I had once again reached an impasse but with each denial my curiosity grew. I had decided that the secret file would continue to remain secret when I received word that the Laxness family had spoken with Ingibjorg Solrun Gisladottir, Iceland’s then Minister for Foreign Affairs and had requested that she try to gain access to the secret files. It was reported that when Ingibjorg met with then Secretary of State Condoleezza Rice in late May 2007 the issue was discussed, although it was initially reported that the documents were requested in January, 2007. On July 30, 2007 thirteen documents were received by the Icelandic government. Sadly these were not the files in question. The documents were dated 1974-1988 and had little to do with the denied files as requested by the Icelandic government.

After Obama was elected President I contacted the office of Illinois Senator Dick Durbin. Once again I received assistance. My case was assigned to a senatorial aide who got in touch with the FBI. The FBI contacted me by email and informed me that the decision made by the panel was final. The last paragraph of the email explained that the FBI no longer had the files in question and that they were sent to the State Department.

I had my share of surprises while trying to gain access to the Laxness Files. This information was definitely surprising. What was so sensitive in these files that they were turned over to the State Department? I had nothing to lose so I filed a Freedom of Information Act request with the State Department sending the same letter to Secretary of State Hillary Clinton, Dick Durbin, an undersecretary of state and the Freedom of Information Act office. After several months I received a phone call.

It is at this point that I am going to make inferences based on my conversation with the official. I was asked “what could they do for me” and I explained my request. It was stated that they had three pages of information plus visa information. I stated emphatically that I do not have interest Laxness’ visa information. I wanted the missing 1-3 pages from the FBI or possibly the CIA that were denied. This individual checked the files and I could tell that they had absolutely no idea why this file was “top secret”. I asked what was the document protecting and the answer was “a person”. I was told that clearance from the agency in question was necessary and they would get back with me.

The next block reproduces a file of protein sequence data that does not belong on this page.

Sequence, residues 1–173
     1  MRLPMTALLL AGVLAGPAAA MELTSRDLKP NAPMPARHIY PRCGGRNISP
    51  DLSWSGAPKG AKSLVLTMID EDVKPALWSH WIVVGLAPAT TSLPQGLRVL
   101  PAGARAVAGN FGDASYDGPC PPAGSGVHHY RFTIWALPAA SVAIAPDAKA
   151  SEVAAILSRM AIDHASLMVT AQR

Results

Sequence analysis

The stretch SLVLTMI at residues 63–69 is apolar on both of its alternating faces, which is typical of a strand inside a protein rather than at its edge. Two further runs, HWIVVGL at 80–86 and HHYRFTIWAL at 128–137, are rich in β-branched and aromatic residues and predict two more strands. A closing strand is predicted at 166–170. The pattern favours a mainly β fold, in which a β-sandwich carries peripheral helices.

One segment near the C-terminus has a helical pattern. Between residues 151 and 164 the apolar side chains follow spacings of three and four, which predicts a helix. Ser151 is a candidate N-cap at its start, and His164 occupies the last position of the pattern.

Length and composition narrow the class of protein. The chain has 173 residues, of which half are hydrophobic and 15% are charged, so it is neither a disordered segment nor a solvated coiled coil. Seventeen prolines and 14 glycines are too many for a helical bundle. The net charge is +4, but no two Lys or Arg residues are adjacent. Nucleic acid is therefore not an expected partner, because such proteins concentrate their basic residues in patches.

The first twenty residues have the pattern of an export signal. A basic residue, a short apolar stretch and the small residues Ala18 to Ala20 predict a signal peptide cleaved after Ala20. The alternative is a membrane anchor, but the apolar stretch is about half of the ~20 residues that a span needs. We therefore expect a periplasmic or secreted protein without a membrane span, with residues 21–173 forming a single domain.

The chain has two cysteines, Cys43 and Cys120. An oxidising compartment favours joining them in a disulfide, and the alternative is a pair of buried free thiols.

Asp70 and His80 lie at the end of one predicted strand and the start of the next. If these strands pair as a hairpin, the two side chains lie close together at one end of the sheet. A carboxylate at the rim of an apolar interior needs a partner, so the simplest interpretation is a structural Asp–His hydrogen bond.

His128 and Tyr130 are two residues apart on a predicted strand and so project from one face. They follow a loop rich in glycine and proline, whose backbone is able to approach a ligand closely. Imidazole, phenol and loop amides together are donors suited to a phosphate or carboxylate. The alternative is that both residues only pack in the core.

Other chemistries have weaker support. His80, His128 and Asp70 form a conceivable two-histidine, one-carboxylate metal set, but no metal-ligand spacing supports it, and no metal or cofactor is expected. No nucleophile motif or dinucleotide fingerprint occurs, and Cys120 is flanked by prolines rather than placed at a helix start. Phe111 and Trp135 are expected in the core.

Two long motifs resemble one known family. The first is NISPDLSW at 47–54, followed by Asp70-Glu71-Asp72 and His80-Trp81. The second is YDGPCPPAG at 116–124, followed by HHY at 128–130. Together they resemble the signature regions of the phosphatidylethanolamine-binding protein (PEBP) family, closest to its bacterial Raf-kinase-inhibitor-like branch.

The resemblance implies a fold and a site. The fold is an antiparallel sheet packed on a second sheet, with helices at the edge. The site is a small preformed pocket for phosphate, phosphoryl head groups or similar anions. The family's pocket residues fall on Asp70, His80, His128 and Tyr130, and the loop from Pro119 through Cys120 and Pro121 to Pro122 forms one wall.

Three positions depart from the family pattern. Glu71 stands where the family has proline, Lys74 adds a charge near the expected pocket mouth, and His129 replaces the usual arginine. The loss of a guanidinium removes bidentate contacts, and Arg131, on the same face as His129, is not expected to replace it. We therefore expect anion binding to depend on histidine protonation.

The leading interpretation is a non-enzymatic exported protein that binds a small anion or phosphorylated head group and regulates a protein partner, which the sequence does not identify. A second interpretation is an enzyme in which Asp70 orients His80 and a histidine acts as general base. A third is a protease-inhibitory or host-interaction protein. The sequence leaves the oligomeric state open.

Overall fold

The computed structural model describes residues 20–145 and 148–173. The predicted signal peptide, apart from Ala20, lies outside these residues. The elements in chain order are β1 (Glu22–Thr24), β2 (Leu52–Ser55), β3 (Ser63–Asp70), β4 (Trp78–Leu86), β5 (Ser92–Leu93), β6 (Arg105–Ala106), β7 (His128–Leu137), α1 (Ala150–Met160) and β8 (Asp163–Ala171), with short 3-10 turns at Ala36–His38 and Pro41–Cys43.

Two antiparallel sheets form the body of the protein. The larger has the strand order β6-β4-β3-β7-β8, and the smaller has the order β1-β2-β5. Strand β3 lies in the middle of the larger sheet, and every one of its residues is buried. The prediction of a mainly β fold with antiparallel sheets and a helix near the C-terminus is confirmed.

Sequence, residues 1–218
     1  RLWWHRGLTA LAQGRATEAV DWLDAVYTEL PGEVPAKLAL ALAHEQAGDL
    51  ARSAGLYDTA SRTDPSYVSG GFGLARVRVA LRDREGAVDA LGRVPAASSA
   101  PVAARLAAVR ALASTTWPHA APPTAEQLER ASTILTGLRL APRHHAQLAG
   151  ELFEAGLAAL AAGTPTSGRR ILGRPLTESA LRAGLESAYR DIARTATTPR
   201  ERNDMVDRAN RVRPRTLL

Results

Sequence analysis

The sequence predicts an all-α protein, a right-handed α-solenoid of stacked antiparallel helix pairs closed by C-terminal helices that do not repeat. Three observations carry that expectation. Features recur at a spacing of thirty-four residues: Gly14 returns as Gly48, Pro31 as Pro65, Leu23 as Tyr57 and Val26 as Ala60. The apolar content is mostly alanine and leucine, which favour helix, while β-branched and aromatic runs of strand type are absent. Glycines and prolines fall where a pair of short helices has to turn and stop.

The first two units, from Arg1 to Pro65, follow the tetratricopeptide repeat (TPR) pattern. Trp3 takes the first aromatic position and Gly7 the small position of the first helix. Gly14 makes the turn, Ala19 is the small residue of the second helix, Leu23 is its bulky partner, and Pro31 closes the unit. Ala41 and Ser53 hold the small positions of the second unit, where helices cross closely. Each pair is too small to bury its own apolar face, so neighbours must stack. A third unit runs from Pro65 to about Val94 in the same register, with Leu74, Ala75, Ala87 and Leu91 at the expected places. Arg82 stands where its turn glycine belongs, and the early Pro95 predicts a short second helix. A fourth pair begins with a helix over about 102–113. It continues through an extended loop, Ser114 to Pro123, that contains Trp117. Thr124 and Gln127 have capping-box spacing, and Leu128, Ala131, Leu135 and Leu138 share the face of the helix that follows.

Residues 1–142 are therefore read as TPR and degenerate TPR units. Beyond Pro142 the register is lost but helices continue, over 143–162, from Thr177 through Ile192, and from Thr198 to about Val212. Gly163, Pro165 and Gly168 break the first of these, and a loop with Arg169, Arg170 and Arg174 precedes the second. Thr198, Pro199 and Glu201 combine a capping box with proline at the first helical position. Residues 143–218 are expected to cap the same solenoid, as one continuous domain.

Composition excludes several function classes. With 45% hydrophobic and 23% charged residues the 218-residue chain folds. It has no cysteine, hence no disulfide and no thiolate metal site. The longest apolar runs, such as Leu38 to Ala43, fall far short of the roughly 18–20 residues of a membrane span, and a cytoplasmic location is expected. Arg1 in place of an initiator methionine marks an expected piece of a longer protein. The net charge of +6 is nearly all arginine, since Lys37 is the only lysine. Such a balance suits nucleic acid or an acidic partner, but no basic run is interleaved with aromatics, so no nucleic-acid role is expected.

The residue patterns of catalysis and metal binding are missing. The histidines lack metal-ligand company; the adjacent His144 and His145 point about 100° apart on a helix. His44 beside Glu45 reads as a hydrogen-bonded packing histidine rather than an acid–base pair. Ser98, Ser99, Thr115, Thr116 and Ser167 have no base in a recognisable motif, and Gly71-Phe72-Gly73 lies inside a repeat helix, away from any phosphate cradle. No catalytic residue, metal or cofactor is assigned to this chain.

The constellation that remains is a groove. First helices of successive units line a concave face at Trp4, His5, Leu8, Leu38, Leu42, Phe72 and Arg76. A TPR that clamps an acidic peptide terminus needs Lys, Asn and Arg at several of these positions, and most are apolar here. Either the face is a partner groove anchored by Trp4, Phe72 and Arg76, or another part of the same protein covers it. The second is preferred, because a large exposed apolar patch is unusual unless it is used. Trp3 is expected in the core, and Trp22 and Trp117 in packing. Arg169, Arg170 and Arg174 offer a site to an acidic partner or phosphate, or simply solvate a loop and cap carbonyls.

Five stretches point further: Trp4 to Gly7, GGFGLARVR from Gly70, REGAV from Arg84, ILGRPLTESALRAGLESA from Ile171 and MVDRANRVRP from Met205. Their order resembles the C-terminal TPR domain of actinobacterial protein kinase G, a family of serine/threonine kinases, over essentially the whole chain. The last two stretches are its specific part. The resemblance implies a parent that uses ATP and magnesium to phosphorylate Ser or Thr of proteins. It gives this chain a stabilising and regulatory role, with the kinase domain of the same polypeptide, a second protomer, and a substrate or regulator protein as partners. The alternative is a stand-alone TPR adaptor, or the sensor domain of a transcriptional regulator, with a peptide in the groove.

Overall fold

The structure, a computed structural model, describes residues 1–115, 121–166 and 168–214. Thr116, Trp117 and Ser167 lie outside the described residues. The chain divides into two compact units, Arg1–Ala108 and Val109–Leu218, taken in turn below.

A few weeks later I received another phone call and once again the documents were denied. When I was told that the documents were protecting a person I knew that they would not be released. I had long thought that the documents were protecting a person or persons either in the US or Iceland. Since the official did not seem to view the information protected as important I am now under the impression that the documents are protecting an Icelander.

I feel that if the information contained the name of an American engaged in subterfuge in Iceland then there would be no doubt that the information needed to protected. The name of an Icelander or Icelanders would not seem so obvious especially after sixty years. This is a very broad assumption and I could be very wrong but I got to this point by making very broad assumptions.

I understand the Icelandic government is once again going to make a request for the documents. Now that we know this is some dirty little secret, does any government official really want the documents released? Washington feels its better locked in the Secret File vault and Iceland may feel the same way once the information is made available.

Halldor Laxness was afraid that the new nation would gain its independence from Demark but would lose its autonomy by aligning itself with the United States. Halldor Laxness was the opposition at a time when the opposition meant communist/socialist. He used his voice to curb what he thought was American encroachment into the affairs of the small developing country. The United States was not going to accept “no” for an answer relating to Iceland’s fiercely debated military base. It was important to the United States and its allies that the administration in Iceland was open to the base and membership in NATO.

The question is not whether the United State interfered with the forming of the Icelandic government and its decisions after the war; the question is to what degree. Although weak, the United States viewed the Community Party with respect. A declassified CIA document dated October 1949 and declassified in 1978 states that “Despite their lack of direct political influences Communists can still arouse and solidify a fairly substantial segment of public opinion particularly by acting through front organisations and fellow travellers”. The United States had an interest in not allowing this to happen.

Iceland was a poor, newly independent country that had spent the war years occupied by the UK and the US. The influence during the war was evident. The degree of the influence after the war is contained in The Laxness Files. Was there cooperation by individuals in Iceland with the United States or did the United States independently engage in subversive activities in Iceland? Without a doubt the United States is protecting something and its time that The Laxness Files and all documents from the WWII era are released.

Chay Lemoine is an American scholar who, among other things, is a renowned Halldor Laxness expert. Chay writes a regular column called ‘The View from Here’ on IceNews where he talks about Laxness, life, Iceland, and whatever else is on his mind.

(Main page photo: